The official languages of Western Sahara are Arabic and Spanish, reflecting the region’s colonial history and cultural influences. Spanish was the primary colonial language during the Spanish rule over the territory, which ended in 1975, while Arabic is the primary language of the Sahrawi people, the region’s indigenous inhabitants. Hassaniya Arabic, a dialect of Arabic, is widely spoken in Western Sahara, particularly in rural areas, and is the primary language of communication among the Sahrawi people. French and Berber languages such as Tamazight and Tashelhit are also spoken by some members of the population, particularly those who have lived or studied in other parts of North Africa.
The majority of the population of Western Sahara is Muslim, with Sunni Islam being the predominant denomination. Islam has been the main religion in the region for centuries, with the arrival of Arab and Berber tribes bringing the religion to the Sahrawi people. Religious practices in Western Sahara are primarily traditional, with many people observing local customs and traditions alongside Islamic practices. The region also has a small Christian minority, composed mainly of foreigners and expatriates.
The culture of Western Sahara is heavily influenced by the region’s history and geography, as well as its diverse ethnic and linguistic groups. The Sahrawi people, the region’s indigenous inhabitants, have a distinct culture characterized by hospitality, community, and traditional values. Music, poetry, and oral history are necessary cultural forms in Western Sahara, with many traditional songs and stories celebrating the region’s nomadic heritage and resistance to colonization. Traditional Sahrawi clothing, including the colorful robes known as djellabas and the headscarves worn by women, are also critical cultural symbols.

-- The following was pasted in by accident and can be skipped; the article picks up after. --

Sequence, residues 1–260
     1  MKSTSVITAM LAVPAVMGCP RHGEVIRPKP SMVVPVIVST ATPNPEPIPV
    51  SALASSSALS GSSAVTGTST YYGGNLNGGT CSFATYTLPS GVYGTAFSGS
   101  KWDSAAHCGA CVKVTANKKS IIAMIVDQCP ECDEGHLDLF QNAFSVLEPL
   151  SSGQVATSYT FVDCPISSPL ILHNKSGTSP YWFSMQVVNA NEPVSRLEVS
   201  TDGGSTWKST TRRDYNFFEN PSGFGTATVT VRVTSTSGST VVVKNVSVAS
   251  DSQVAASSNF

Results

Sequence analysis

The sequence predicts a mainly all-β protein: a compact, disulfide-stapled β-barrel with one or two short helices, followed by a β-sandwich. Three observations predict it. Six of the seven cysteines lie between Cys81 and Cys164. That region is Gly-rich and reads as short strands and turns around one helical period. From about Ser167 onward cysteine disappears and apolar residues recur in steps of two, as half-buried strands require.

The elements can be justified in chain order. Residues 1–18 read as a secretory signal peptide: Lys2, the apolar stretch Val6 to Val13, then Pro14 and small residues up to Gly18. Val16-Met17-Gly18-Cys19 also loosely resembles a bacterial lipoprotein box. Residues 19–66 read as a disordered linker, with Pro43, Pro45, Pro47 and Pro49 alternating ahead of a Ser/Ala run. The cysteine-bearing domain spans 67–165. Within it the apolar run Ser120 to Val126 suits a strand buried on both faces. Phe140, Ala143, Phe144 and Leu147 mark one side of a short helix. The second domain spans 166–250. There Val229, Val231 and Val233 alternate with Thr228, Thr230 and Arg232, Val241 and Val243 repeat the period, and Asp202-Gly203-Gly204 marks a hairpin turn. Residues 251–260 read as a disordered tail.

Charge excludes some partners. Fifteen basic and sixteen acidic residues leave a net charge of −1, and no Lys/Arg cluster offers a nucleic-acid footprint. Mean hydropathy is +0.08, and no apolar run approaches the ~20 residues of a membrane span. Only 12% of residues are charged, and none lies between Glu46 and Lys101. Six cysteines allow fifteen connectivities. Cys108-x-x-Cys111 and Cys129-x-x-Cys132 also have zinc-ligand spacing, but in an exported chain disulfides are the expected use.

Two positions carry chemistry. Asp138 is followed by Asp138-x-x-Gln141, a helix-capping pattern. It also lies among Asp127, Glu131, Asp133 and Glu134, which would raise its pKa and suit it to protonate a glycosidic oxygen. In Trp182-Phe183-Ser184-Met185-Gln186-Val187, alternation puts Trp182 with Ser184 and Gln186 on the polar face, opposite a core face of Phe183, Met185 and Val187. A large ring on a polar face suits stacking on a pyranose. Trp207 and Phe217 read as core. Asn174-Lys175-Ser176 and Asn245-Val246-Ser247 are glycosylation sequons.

In recent history, Western Sahara has been the subject of a long-standing conflict between the Moroccan government and the Polisario Front, a Sahrawi independence movement. Following the withdrawal of Spanish colonial forces in 1975, Morocco and Mauritania claimed sovereignty over the territory, leading to a war with the Polisario Front.
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The visas typically take between 510 working days to be processed.
A passport is usually an official document that certifies one’s identity and citizenship. On the other side, a Western Sahara visa is an official government document that temporarily authorizes one to be in the country.
All citizens require a visa and passport to travel to Western Sahara for business or tourism
Yes. One can fly from the Canary Islands (Spanish)
Western Sahara is considered generally safe, especially the Erg Chebbi dunes near Merzouga.